4. Become a master of time

Spending time with your customers makes them feel appreciated and ultimately leads to a better customer service experience.

However, giving too much time to one customer can make others feel neglected (imagine a customer being put on hold for an hour because you’re so focused on serving another customer’s particularly tricky problem).

So, manage your time. To make every customer feel valued and satisfied with the support they get, you’ll need to decide how much time to dedicate to each one.

Here are some time-management tricks you can use to serve customers better.

Create a daily schedule

Scheduling tasks directly into your work day helps you finish everything on time and provides structure to your day.

For instance, you could dedicate specific hours to replying to emails, brainstorming solutions for technical issues, and answering phone calls:

Focus on how you can help, not on how you can’t

You should have got a playbook that lists several different ways to help your customer. However, there’s no guarantee you’ll be able to address 100% of the issues that come your way perfectly.

So, don’t dwell on a problem if you really can’t offer a solution: instead, focus on what you can do (for instance, you could escalate the issue to someone with the right knowledge). Otherwise, you could waste hours on nonexistent solutions, and end up wasting both the customer’s and your time.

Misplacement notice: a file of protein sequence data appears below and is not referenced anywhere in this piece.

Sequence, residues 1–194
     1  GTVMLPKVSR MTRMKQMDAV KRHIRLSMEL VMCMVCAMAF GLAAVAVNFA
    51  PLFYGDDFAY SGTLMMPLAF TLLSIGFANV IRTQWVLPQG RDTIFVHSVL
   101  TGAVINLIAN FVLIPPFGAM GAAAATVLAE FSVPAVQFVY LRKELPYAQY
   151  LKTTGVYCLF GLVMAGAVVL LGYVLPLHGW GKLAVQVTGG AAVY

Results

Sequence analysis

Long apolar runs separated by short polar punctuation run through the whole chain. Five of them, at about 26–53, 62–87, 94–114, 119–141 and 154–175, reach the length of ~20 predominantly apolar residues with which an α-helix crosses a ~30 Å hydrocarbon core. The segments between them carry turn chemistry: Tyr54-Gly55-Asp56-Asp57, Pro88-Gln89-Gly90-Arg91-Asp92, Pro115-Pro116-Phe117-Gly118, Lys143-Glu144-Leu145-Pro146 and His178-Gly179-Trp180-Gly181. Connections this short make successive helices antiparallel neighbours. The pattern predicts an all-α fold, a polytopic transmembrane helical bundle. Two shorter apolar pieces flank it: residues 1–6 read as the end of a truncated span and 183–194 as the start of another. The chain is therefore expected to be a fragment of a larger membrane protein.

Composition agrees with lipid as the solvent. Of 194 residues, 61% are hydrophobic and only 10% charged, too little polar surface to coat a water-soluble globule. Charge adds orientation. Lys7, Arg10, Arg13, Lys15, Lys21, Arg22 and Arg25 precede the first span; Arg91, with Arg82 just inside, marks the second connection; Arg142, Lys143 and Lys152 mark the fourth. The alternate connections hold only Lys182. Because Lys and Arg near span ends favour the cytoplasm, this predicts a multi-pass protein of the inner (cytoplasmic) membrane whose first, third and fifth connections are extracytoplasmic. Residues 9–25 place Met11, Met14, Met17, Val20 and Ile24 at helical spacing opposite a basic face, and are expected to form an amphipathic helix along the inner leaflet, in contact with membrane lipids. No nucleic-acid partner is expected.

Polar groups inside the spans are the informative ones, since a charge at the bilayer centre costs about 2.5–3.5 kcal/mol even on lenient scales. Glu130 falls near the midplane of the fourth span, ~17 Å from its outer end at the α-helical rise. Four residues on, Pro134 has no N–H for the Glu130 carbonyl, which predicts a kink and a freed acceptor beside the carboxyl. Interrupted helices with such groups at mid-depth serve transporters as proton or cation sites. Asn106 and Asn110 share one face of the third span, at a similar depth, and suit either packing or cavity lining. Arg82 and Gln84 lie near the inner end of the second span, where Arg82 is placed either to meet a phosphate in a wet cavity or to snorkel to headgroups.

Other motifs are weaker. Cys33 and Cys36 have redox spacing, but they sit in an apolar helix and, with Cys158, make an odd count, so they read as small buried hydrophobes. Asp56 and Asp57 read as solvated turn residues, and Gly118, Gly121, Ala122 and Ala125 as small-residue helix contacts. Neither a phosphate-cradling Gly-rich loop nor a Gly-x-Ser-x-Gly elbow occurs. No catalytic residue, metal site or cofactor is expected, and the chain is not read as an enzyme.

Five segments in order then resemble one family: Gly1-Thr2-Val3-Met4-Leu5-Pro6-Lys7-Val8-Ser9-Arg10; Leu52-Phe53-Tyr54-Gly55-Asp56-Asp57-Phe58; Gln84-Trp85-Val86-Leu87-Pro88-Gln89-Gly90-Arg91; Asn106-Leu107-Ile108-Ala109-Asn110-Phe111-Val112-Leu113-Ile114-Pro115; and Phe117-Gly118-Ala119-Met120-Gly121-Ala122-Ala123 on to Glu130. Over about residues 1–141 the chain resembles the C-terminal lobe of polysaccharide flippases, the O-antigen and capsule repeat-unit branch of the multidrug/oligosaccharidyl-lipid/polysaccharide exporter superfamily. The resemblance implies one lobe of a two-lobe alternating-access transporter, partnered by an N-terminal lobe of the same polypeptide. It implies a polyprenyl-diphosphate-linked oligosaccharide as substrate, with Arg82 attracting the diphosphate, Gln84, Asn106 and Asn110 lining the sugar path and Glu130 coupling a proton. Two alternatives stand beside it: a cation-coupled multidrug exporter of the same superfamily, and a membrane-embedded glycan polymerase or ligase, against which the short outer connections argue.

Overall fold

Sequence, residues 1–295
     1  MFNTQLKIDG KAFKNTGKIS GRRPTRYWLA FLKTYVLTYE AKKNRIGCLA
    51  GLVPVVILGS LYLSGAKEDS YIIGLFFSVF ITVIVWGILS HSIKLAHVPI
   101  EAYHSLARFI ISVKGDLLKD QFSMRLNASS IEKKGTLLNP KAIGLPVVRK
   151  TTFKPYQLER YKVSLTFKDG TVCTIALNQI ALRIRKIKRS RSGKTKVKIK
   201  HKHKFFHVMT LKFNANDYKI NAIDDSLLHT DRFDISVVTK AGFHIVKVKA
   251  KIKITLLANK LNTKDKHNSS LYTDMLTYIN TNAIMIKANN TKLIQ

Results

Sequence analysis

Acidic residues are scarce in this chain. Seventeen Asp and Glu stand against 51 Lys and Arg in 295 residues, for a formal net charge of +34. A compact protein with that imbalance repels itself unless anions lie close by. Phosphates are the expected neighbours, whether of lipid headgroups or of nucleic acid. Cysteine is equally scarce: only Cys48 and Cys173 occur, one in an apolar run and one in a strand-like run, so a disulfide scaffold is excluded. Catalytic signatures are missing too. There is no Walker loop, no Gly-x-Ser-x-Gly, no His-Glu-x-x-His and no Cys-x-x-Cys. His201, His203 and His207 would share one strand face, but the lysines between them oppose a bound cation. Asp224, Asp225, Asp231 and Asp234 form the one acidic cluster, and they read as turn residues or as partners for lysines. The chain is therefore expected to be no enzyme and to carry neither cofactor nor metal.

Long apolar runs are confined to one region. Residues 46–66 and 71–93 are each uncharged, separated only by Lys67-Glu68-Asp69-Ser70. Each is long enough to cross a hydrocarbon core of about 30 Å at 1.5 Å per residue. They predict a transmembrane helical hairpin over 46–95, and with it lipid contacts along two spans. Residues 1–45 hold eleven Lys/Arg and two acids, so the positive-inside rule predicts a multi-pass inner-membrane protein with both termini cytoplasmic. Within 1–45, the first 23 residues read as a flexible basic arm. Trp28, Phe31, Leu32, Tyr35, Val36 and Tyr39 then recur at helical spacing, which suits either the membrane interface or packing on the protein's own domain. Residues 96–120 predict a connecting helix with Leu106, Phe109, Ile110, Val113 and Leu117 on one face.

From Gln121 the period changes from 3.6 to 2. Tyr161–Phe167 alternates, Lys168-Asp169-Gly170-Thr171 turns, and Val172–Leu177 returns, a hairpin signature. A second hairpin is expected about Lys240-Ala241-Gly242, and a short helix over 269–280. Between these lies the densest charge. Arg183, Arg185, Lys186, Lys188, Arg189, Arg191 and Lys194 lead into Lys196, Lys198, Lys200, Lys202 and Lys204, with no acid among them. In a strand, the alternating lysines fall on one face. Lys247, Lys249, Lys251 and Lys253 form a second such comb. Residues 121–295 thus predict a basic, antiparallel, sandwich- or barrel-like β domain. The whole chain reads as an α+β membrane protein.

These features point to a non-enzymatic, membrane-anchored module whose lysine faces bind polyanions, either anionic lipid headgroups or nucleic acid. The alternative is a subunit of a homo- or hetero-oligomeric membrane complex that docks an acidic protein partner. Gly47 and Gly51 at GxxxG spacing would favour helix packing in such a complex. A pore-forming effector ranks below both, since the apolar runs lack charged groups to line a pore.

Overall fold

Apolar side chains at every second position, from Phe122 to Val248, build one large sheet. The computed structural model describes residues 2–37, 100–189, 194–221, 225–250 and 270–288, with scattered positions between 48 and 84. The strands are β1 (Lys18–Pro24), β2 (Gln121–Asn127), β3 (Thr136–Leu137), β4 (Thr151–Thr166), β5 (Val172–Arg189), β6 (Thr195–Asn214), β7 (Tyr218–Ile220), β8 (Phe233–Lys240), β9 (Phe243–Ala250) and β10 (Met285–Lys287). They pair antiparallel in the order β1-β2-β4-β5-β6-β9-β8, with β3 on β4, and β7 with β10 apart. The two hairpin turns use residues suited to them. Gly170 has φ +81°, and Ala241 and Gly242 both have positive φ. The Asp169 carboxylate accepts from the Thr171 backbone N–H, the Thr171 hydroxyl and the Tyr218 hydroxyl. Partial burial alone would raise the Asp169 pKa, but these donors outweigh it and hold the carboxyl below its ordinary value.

Be smart with customer service

There are just too many platforms online where customers can reach out to you with concerns or questions:

  • Your social media feed
  • Online forums that you’re a part of
  • The comments sections of your blog
  • Your Google My Business page
  • And so on...

To try and respond on all those channels by yourself would be a nightmare. And if you’re like most small businesses, it’s not exactly feasible to set up automated chatbots individually on every platform being used by your customers.

A customer service tool like Zendesk would be useful for this:

Examples of customer service oriented companies—and lessons can we learn from them

Almost every business strives to be customer service oriented, but a few special companies really seem to get it; they dig deep into their customers’ preferences and go above and beyond to fulfill their needs. Here are some of the best that can serve as inspiration for your own customer satisfaction efforts.

1. Rick’s Electronics Boutique – Reaching customers where they are

Rick’s Electronics Boutique is a great example of a small business offering convenience and timely service to customers.

If you use Rick’s to install an appliance, you can be assured of proactive service that puts you first. Even if you get stuck at some step, you know a single call will get you help in a matter of minutes:

The company also provides installation services at home, at your convenience, rather than making customers read a manual and spend hours getting the job done themselves. This translates into an excellent customer experience, which people value and are even ready to pay a premium for.